Gudenå part of Jutland dominated by sub-glacial loamy

Gudenå or Gudenåen is Denmark’s longest river and came into
existence 15,000 years ago towards the end of the last ice age. The 160 km
river was transformed by the melting ice and glacial streams, the river
harbours many species of animals and plants, parts of it are protected under
the regulations of Natura 2000. River Gudenå has a total catchment area of
2,650 km2 and is located in the eastern part of Jutland dominated by
sub-glacial loamy sand moraine till deposits and patches of low-gradient
landscape with sandy soils (Nørrevang and
Lundø, 1980; Pedersen et al., 2004). Severe anthropogenic disturbances
associated with channelizing, dredging and continuous weed cutting has
physically degraded and severely reduced the substrata for heterogeneous
habitats leading to loss of natural dynamic physical structure. The biological
communities (macro invertebrates, macro vertebrates and macrophytes) are highly
dependent on the physical structures and stability of the stream conditions.
Successful species of macrophytes in Danish streams share a range of traits
that provide them competitive advantages in the disturbed habitats (Cavalli et
al., 2014). Danish streams are invaluable in terms of biodiversity and
ecosystem services. River Gudenå collects and transports organic matter,
chemicals, nutrients and anthropogenic substances through extensive network
systems which are in turn influenced by the physical processes like substrate
type, flow conditions and turbidity.  

Organic
matter in the form of free DNA produced from organisms via cells, tissue,
gametes, organelles and faecal matter is also transported through the rivers,
they are termed as environmental DNA (eDNA) (Deiner and Altermatt, 2014; Turner
et al., 2014; Taberlet et al., 2012). In recent years, the eDNA detection techniques
(Shogren et al., 2017) have become a powerful tool for discovery, surveillance
and monitoring of endangered (Goldberg et al., 2011), rare (Machler et al.,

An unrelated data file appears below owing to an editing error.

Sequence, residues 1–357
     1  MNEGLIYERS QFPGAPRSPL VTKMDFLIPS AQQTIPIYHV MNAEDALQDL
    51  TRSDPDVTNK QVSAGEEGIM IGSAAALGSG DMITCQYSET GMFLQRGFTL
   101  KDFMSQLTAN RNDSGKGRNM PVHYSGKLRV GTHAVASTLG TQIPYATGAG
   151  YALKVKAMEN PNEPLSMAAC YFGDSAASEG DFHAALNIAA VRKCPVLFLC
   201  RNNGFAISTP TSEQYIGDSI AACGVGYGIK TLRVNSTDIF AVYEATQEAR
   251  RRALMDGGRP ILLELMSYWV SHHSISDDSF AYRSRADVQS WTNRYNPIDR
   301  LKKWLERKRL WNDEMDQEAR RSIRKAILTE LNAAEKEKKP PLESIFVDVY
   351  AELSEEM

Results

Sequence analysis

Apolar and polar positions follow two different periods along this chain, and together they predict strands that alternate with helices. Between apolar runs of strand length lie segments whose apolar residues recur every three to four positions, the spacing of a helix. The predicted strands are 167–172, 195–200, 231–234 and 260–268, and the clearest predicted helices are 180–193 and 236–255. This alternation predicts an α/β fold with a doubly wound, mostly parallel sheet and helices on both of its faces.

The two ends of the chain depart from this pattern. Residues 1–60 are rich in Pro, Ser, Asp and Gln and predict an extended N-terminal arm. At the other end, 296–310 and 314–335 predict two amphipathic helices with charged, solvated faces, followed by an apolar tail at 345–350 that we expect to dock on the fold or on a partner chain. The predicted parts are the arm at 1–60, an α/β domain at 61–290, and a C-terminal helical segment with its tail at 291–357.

2014; Jerde et al., 2011), and invasive species(Simmons et al., 2016). eDNA
studies have been used to estimate the population abundance of certain target
species (Takahara et al., 2012; 2013) in lentic systems  like ponds and lakes.  But in lotic system (eg. Rivers) eDNA studies
are limited due to linking of various environmental processes.  The transport of eDNA studies in rivers and
streams is challenging. The challenging issues with regard to transportation and
concentration of eDNA in streams are dependent on processes like retention,
resuspension, residence time of water, substrate type and turbidity (Shogren et
al., 2017). The important aspect of eDNA studies in rivers involves
understanding the physical and biological variables that influence the
retention, resuspension and transportation of substances. Another important
aspect is the physio-biogeochemical properties of the eDNA being transported,
like persistence, degradation and detection (Barnes and Turner, 2016). Since,
eDNA is known to be polydisperse (Turner et al., 2014; Wilcox et al., 2015) due
to variably sized particles from various sources increases the complexity of
eDNA studies in rivers. In previous studies eDNA has been used as qualitative
detection tool only for confirming the presence or absence of a species.  Recently, the mechanistic of eDNA
transportation has emerged by eDNA releases into experimental streams (Shogren
et al., 2016, 2017) to note the effect of hyporheic exchange and flow
velocities on eDNA.   

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